Ofcom’s proposed plans may decrease MNO innovation, increase customer cost

In proposed increases of mobile license fees by UK regulator Ofcom; both operators and customers may feel the squeeze as costs are QUADRUPLED.

Currently it costs EE, Vodafone, O2 and Three UK £64.5 million a year in licensing fees. Under the plans - revised after calculating the value of the spectrum based on the bids received in the 4G auction - Vodafone and O2's annual rent will be raised to £83.1 million, Three to £37.5 million, whilst EE will hit a massive £101.7 million.

Of course these plans are in an early stage, and are in no means finalised. Consultation will occur up until December 19th where we can only hope they are sensible, and not disruptive to the industry.

One of the biggest dangers of this increased cost could revolve around less money to be invested into increased infrastructure and innovation on both the network and consumer fronts (such as fighting back against the threat posed by OTT services, and decrease in VAS usage.)

Robin Kent, director of European operations at Adax, comments:

“For some time now, although perhaps not quite as much as in the past, telecom operators have almost been tarred with the same brush as those nasty bankers: stacking up profits whilst providing poor service.

“In the main, I think that is an outdated view and operators generally provide a good network service. But the main reason for them being able to do that is by reinvesting profits in infrastructure. Infrastructure investment has been low in previous years because of the global financial crisis and the wait for 4G, and it is only just now starting to recover.. 

“If a large chunk was taken out of those operator profits, with these spectrum price increases, I would have real concerns about operators maintaining increased expenditure on infrastructure. That will affect jobs in the telecom network manufacturing, installation and managed services industries, and ultimately the quality of the network service could suffer. That to me could have a bigger impact for customers than a price hike on their bill – would we rather see nil, three or five signal bars on our handset?"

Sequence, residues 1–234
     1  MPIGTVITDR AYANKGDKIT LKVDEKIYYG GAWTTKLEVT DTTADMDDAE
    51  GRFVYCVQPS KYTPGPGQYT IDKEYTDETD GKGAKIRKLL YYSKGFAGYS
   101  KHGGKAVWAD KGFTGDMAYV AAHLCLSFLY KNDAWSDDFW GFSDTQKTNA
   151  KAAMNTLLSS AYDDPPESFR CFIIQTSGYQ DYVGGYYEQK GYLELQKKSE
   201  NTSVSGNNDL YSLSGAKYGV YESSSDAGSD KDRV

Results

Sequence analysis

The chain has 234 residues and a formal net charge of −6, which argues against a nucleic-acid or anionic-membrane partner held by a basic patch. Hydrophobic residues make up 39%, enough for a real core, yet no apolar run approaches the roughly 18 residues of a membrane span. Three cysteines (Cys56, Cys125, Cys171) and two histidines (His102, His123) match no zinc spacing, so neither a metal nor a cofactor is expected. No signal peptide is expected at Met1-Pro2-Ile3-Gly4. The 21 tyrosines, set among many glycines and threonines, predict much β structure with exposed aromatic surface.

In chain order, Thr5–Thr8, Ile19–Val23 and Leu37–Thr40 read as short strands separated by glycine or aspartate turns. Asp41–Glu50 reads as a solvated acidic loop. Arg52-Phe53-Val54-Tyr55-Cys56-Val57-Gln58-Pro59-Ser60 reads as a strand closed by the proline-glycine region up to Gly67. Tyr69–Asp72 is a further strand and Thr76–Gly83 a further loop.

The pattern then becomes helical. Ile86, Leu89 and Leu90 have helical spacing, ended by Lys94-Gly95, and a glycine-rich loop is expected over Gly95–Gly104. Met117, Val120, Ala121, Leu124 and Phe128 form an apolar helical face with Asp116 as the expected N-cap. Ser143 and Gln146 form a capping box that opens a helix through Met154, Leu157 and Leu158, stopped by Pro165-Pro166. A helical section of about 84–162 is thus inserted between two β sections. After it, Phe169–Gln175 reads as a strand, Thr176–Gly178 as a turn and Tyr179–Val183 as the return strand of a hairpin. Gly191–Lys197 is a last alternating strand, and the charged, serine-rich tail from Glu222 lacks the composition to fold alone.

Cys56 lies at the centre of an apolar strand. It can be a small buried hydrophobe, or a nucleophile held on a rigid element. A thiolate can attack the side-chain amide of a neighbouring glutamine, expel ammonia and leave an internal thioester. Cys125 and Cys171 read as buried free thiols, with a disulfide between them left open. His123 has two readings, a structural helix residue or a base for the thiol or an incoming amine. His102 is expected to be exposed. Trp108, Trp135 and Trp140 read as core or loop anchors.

But naturally, one of the weight-bearers would also be the customers.

Mobile operators are businesses which naturally like to keep their profits growing year-on-year, or at least the same. Such a massive increased cost is going to put a big dent into that which will likely be made-up by increased customer charges.

This is a situation neither customers nor mobile operators would want to arise.

The EU Commission is currently pushing for a “single telecoms market” with one of the most notable proposals to be the erection of a single regulatory body; rather than the many individual regulators (such as Ofcom) across the various member states.

Mobile operators may be increasingly supportive of this idea after these Ofcom proposals; an EU-based regulator may be less heavy-handed in their fees and approach.

One of the biggest dangers would be an EU regulator may be less-focused on the individual requirements of each member state; yet on the other hand could boost collaborative EU projects such as the scrapping of roaming charges.

What do you think of Ofcom’s proposed license fee increases?

* Taken from Ofcom’s announcement post.

** EE and H3G figures relate to holdings after EE’s divestment of 1800 MHz spectrum to H3G, to be completed in October 2015.

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